Is This Fiber The Future of Sustainable Bags?
Sustainability is a pillar of Bergans’ business model. From repairing and reselling used gear, to renting out outdoor equipment, they’re totally down to maximize the use of products for as long as possible to help our environment.
But what about when you break that product down at the end of its use cycle? Could it actually still offer value? Bergans believes it can, which is why they’ve partnered with Spinnova to explore a radical concept of ‘product ownership’. In essence, if Bergans’ new project goes according to plan, we wouldn’t own a product, but rather the material it’s made from. Material that can be used to make new products. And that material stems from an innovative Spinnova textile fiber with the potential to be recycled over and over. And in short: change the whole game.
The world’s most sustainable fiber?
Spinnova is a Finnish company whose goal is to make the textile industry drastically more sustainable through creating cellulose-based materials. Spinnova fiber is made from renewable resources, specifically wood pulp from Scandinavian FSC certified wood. The pulp is mechanically refined to create a fine, paste-like substance called micro fibrillated cellulose. Spinnova fibers made from wood pulp are even classified as paper by the EU. The most unique part of this process is that no harmful chemicals are involved in the mechanical manufacturing process. Even the water used in the process is captured when it evaporates and reused.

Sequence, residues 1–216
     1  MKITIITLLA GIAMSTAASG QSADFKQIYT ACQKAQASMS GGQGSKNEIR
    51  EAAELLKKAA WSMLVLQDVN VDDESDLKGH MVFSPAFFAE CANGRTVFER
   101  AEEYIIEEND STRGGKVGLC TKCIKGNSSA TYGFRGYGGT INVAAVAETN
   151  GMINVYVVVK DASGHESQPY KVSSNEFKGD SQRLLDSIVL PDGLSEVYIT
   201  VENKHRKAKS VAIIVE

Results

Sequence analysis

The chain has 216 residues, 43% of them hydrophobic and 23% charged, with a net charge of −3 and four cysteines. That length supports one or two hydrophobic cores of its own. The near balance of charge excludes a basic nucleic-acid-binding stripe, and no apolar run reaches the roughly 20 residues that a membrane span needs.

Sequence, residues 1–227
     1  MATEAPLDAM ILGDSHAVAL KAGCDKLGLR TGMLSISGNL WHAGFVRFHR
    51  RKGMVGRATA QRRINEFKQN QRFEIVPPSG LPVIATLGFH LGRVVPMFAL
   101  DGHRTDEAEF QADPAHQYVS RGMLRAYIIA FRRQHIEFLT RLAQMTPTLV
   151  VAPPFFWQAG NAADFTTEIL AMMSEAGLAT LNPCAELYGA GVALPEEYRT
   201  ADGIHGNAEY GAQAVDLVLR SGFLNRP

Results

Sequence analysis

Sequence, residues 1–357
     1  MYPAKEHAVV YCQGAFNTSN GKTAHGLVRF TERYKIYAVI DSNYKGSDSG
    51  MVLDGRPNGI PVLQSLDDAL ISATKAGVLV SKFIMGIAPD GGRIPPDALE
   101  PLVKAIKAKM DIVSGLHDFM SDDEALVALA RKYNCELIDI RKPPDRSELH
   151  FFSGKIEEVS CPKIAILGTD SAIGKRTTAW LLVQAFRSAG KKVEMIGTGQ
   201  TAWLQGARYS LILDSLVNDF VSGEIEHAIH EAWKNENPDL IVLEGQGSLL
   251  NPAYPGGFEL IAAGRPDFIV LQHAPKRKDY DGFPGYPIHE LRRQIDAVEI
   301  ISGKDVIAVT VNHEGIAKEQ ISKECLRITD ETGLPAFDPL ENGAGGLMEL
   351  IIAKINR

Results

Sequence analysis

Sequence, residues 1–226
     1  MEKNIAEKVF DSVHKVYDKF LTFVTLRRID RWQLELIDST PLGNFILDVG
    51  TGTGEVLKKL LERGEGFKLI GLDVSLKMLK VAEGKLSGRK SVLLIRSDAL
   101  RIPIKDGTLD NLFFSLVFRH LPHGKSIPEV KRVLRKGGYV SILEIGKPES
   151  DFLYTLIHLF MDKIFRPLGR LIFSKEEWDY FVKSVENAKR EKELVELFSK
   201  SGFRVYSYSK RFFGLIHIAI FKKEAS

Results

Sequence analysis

The fact that the material isn’t chemically altered means that theoretically it should be endlessly recyclable without any performance loss. The fiber is a circular product that can be ground up on a micro level and used again several times to create new fiber.
Teaming up to tackle a circular challenge
Enter Bergans’ new innovation team: Bergans Future Labs, which has joined forces with Spinnova to create the first consumer product made from Spinnova fiber. In a nod to Bergans’ backpack history, they set out to create a backpack. But not just any backpack. Rather, a bag that could be ground up at the end of its product life cycle, without the need for any disassembly, in order to create new Spinnova fiber. A challenge to say the least. No metal. No plastic. No zippers. No dye. No PU coating. But all necessary exclusions in order to test the product’s circularity.
But while the concept was intriguing, material scarcity was definitely a factor to contend with. You see, Spinnova is not yet fully industrialized and the lab could only produce limited quantities of material each day. And the fiber is currently not strong enough to create products exclusively made from it.